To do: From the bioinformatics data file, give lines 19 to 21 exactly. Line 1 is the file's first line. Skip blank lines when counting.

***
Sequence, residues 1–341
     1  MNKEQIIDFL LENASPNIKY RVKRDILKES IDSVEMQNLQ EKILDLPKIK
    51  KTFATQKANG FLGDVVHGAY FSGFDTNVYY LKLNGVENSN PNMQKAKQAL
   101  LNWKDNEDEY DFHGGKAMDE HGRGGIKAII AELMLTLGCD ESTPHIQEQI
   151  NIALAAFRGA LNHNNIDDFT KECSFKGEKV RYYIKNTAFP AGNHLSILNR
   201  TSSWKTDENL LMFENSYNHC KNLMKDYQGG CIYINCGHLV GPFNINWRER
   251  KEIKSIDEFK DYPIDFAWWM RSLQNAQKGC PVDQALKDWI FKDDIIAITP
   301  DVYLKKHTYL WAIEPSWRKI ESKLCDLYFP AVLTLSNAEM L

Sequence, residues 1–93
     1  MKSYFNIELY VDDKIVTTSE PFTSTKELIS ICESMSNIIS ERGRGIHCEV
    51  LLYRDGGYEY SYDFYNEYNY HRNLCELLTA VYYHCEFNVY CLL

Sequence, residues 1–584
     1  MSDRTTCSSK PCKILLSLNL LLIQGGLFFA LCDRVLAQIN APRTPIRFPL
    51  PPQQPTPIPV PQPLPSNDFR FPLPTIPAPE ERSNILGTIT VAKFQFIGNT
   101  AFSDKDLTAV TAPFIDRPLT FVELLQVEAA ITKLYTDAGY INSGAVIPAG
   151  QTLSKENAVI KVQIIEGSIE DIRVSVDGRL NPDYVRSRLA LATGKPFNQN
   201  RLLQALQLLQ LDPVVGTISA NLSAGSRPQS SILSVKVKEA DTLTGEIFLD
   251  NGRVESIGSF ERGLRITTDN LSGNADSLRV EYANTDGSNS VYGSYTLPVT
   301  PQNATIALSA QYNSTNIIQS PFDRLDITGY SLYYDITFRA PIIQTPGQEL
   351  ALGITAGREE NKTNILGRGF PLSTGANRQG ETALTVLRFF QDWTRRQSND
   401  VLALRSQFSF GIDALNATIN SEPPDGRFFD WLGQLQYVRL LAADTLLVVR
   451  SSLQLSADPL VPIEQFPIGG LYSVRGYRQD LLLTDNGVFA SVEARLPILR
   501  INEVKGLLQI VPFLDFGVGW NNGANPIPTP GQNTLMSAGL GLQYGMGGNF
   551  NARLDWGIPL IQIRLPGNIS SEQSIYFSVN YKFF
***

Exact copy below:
   301  PQNATIALSA QYNSTNIIQS PFDRLDITGY SLYYDITFRA PIIQTPGQEL
   351  ALGITAGREE NKTNILGRGF PLSTGANRQG ETALTVLRFF QDWTRRQSND
   401  VLALRSQFSF GIDALNATIN SEPPDGRFFD WLGQLQYVRL LAADTLLVVR